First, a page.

While soap operas are mostly a thing of the past, the daily drama will continue for the Pelicans as to how to best adjust a flawed but talented roster while trying to keep players happy, on the same page.

The praise will continue to be heaped on Williamson and should be.

The young man is handling it well.

As Sean Payton is apt to say frequently, “don’t eat the cheese.”

The last day or two has truly been all in a mouse’s night, coming out in the dark, snooping around, seeking the cheese.

Let the mouse have it.

As for Zion, Ingram, Ball, NAW, Lewis, Josh Hart, Jaxson Hayes and company, keep sawing wood, as the late Jim Finks was apt to utter regularly. Hard work will pay off, if you have talent.

There is talent in New Orleans.

Now, let us see how it meshes together to see if this team can win more than three straight games in this wildly inconsistent season.

As Shakespeare once stated, “A fool thinks himself to be wise, but a wise man knows himself to be a fool.”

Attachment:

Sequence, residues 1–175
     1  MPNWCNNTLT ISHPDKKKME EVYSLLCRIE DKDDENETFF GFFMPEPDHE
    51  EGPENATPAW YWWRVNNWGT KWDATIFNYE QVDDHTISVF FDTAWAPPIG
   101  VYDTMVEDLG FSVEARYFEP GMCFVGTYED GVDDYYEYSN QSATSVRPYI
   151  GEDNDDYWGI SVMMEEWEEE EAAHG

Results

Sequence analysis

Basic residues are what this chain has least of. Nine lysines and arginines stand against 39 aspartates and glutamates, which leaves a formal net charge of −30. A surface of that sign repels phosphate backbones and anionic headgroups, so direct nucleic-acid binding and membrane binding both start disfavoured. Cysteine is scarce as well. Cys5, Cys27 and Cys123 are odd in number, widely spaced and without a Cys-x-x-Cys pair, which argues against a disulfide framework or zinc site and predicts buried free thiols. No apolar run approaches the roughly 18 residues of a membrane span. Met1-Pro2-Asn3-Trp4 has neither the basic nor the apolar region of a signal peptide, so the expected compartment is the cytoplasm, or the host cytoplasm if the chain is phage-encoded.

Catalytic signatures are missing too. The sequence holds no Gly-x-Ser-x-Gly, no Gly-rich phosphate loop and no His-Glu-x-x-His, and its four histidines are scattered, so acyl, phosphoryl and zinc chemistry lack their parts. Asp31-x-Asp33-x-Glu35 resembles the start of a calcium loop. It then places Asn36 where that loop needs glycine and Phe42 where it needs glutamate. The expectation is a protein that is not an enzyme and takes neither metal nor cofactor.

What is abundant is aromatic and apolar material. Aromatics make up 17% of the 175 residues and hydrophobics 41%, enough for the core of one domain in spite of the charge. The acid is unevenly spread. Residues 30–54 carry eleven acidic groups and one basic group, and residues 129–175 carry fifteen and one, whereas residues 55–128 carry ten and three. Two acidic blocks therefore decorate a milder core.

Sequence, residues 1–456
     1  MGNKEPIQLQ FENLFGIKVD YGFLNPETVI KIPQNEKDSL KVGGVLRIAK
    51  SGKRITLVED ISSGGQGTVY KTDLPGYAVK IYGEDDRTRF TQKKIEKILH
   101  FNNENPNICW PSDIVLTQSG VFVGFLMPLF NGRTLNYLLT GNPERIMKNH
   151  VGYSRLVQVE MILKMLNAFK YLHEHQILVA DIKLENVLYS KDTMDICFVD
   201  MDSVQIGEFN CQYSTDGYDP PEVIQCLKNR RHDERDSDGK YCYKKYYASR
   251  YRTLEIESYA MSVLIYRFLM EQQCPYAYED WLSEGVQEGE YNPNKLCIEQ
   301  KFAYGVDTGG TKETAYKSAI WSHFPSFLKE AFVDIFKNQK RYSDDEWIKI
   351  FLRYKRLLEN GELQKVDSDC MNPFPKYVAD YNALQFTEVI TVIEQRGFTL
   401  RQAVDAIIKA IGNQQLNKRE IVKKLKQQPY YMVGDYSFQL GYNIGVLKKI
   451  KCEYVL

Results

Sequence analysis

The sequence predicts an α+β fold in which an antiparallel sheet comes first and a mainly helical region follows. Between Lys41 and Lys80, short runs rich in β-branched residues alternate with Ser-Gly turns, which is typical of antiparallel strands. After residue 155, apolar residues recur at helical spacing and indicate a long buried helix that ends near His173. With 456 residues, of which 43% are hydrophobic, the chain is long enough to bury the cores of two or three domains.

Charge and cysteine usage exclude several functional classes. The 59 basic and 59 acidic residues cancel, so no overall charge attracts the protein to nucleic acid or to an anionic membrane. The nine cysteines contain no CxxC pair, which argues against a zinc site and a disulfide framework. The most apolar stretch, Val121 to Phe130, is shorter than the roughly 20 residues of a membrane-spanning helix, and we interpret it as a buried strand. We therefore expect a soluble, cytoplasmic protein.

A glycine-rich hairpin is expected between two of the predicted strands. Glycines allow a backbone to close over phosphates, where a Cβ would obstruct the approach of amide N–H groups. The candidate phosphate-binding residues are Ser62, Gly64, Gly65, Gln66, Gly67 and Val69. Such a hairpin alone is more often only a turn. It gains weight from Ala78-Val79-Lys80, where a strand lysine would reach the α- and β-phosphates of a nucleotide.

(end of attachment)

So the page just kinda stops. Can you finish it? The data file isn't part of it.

As to how Griffin and Van Gundy handle the roster and payroll, Thomas Tusser stated, “A fool and his money are soon parted.”

New Orleans fans are hoping the fool emerges elsewhere, not here, so there is no April, May or June fool, for that matter. Here’s wishing them the very best of luck.

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Ken Trahan

Ken Trahan


Born and raised in the New Orleans area, CCSE CEO Ken Trahan has been a sports media fixture in the community for nearly four decades. Ken started with Bill Hammack and Don Jones in 2008. In 2011, the site became On August 1, 2017, Ken helped launch Having accumulated national awards/recognition (National Sports Media Association, National Football…